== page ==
So, the strength of the axe being recognized, what then is going to make an axe a good zombie slaying weapon. The answer is SPEED! A heavy axe is more than likely going to be too slow and too inaccurate when swung not only above the waist but above shoulder level. It’s really hard to swing an axe at that height, especially when you have to do so with accuracy over and over again. I know, I’ve had to do it to fall trees on steep slopes where my face cut was above shoulder level. It was exceedingly difficult. So the type of axe that benefits us the most here is going to be one with a light head and comparitively long handle.
I’ll take my 2.5lb Iltis ochsenkopf falling axe, but mind you, I AM a pro. A limbing axe might be OK too, but I would highly recommend that you look into a tomahawk. Long handle, light narrow bit = fast swinging high PSI weapon. A tomahawk is also highly portable and many include a hammer poll on one end which may even be a preferable weapon when you want to crack a skull but not risk getting the bit stuck in said undead cranium. Sure a tomahawk can’t sever a head in one blow, but it can easily sever the spine. Contrary to popular belief, Zombies can be paralyzed too, severing the spine is an excellent way to disable a ghoul. You can also take away it’s iPhone for an equally devastating blow. Imagine what you could do to an iPad with a tomahawk!!!
I recommend the Cold Steel Trailhawk as an economical weapon. However if you want the best edged weapon money can buy, I can recommend Custom Tool designer Mike Gapp’s custom Tomahawks Equinox Coronado . He can put together a long super tough composite handled custom profiled weapon that you will serve you exceedingly well should the hordes of undead rise and take to the streets.
If however, after all this the equinox coronado hawks are still a bit out of your price range and you still prefer a machete, or, and I shudder, a sword to an axe or hawk, I would encourage you to compromise with a Ditch Bank, a wicked brush clearing tool that sports much thicker steel than a machete and a longer two handed handle. Long enough to gain enough force to sever heads easily if the edge is well maintained. Ugly but effective, and still can do double duty in actual work.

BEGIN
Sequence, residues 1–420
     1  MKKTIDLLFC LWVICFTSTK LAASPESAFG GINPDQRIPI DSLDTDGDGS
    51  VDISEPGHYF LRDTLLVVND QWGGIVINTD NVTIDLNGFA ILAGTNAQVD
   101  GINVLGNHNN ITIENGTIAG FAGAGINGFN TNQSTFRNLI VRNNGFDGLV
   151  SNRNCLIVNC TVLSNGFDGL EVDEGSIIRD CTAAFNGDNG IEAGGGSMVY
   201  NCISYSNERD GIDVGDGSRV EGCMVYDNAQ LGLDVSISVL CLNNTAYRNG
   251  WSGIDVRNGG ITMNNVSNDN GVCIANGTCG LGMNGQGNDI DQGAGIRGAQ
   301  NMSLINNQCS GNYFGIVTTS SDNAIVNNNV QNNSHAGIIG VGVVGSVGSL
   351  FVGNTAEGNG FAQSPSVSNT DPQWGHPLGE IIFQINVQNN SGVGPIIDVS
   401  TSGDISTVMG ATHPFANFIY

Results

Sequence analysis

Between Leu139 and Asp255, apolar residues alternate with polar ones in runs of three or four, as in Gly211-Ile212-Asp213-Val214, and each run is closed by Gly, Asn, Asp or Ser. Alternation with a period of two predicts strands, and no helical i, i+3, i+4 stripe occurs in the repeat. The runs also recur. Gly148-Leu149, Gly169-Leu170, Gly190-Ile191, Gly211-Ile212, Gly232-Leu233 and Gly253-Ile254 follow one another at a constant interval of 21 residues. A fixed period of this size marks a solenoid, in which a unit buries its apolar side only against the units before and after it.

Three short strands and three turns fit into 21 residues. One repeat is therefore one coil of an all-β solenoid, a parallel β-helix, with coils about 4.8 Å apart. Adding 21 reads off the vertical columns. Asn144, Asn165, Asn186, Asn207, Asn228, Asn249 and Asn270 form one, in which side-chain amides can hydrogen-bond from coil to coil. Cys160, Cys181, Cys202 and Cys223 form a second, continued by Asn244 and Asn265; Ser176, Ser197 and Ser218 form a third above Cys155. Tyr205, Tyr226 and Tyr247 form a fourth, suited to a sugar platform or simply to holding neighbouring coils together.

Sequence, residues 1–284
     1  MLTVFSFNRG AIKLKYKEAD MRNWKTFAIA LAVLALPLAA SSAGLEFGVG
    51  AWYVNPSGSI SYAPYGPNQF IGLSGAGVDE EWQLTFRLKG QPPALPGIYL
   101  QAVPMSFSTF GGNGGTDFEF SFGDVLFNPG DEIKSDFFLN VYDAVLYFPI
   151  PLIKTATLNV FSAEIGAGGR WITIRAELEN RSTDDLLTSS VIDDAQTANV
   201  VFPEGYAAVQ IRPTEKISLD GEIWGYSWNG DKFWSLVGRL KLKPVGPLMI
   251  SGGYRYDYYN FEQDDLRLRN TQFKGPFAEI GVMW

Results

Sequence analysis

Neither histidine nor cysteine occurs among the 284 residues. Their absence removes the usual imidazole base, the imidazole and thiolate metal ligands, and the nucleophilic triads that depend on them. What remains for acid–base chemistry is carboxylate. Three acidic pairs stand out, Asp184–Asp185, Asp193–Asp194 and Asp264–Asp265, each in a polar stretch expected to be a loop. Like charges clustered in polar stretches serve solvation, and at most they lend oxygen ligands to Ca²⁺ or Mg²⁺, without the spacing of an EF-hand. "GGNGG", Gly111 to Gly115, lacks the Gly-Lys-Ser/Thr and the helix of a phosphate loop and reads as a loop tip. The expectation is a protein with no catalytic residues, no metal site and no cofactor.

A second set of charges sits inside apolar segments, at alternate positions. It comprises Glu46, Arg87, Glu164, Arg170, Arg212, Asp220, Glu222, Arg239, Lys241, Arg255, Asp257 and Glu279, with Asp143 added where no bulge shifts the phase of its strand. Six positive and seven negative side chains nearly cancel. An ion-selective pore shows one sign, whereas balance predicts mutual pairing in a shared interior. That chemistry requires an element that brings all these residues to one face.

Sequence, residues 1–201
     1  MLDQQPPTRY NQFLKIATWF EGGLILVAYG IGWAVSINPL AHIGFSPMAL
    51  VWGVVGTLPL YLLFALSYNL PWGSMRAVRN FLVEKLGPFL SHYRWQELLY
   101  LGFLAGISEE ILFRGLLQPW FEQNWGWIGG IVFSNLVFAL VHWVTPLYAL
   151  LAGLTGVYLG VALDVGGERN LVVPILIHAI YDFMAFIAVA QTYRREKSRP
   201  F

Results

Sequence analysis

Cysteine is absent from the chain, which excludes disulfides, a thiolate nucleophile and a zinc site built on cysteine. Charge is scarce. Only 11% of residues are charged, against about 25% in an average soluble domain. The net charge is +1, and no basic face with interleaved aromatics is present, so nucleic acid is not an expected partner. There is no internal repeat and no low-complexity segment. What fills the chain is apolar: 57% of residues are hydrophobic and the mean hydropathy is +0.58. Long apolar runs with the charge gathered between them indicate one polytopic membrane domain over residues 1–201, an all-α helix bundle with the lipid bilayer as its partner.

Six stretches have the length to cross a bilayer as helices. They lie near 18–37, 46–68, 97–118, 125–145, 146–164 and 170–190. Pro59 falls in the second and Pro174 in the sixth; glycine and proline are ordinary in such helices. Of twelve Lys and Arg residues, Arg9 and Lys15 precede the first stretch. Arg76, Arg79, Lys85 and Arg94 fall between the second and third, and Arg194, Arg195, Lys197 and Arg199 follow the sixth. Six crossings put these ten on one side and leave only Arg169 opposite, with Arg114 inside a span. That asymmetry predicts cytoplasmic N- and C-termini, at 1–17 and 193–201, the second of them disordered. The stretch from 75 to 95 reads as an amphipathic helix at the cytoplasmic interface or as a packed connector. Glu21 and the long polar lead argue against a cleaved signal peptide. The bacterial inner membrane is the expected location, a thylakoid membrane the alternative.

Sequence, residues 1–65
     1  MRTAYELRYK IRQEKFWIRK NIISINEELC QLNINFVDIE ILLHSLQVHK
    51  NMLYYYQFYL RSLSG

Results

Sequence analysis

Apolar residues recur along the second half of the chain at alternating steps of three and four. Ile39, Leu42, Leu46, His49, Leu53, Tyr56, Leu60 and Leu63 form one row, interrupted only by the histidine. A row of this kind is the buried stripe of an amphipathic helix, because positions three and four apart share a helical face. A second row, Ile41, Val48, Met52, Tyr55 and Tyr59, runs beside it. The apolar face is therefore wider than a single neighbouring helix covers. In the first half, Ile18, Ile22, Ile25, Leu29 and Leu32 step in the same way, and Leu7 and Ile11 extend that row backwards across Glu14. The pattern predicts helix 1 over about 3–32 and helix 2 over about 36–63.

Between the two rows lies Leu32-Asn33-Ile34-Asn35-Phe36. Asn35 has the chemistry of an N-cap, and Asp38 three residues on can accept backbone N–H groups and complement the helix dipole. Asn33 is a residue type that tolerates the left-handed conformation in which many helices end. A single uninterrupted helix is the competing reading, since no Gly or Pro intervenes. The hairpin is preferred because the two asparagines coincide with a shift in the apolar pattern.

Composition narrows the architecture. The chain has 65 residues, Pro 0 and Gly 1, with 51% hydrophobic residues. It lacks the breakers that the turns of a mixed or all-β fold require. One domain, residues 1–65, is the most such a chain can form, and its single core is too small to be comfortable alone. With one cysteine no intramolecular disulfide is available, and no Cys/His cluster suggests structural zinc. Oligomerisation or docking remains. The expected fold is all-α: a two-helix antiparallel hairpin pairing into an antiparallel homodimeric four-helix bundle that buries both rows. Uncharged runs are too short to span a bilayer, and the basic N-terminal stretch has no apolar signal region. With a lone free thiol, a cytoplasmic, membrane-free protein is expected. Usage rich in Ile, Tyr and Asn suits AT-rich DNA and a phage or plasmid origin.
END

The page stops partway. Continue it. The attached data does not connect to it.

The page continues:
Now a few technical notes to wrap it up:
Selecting a good wooden handle
When chosing an axe handle you want straight grain that runs parallel to the head of the axe. To see this you’re going to want to look in two places one, the end of the handle opposite the head and two in the eye of the axe head. If the grain runs in the right right direction (towards the cutting axe and not perpendicular to the cutting edge) then you are half way there. Next you’re going to want to make sure it is good hardwood. It should be ash or hickory, and the grain should be tight. Bigger spaces between the grain often indicate a handle that is less strong. It is probably best if the handle is NOT coated with a clear lacquer. If it is, that is OK, you’re just going to want to sand it off when you get it home and then rub the sanded handle down with linseed oil, try not to buy “boiled” linseed as that just means they’ve added some seriously harsh toxic chemicals to make it dry faster. You don’t need to be soaking that into your skin. As far as fiberglass or the yellow pastic handles go, one word, Don’t.
Uhg… Sharpening is almost another book unto itself, but you’re going to want to have a large mill bastard file for when you’ve chipped the hell out of your axe or if you want to customize the profile, and also a round axe stone for when the edge just needs touching up. This is going to take some practice so I highly recommend you find someone who is experienced in sharpening with a stone and file and get them to SHOW you. If they use a bench grinder immediately stop listening to them, you can do a lot of damage to an axe in very short order with a grinder including, in extreme cases, ruining the temper on the axe rendering it garbage. Don’t do it.
One final note, if you are a total bum and just want an all around axe that is going to survive your being exceedingly abusive to it, spare a fine tool like the Gransfors or Iltis axes from your abuse and get yourself an Estwing, it will serve you well and nobody is gonna cry if you do bad things to it.
Anyhow, I realize the limitations of this article but I hope I’ve given you a good starting point from which to learn more about the axe and make your first purchase if you still think you need one. There is much to learn. So don’t be shy, ask questions in the comments section below, If they’re reasonable, I’ll be happy to answer. But bear in mind I’m busy preparing for the onslought myself so be patient if it takes some time for me to get back to you.
Cheers! And on the field of Zombie Battle, let us show them our hearts and then show them theirs!!!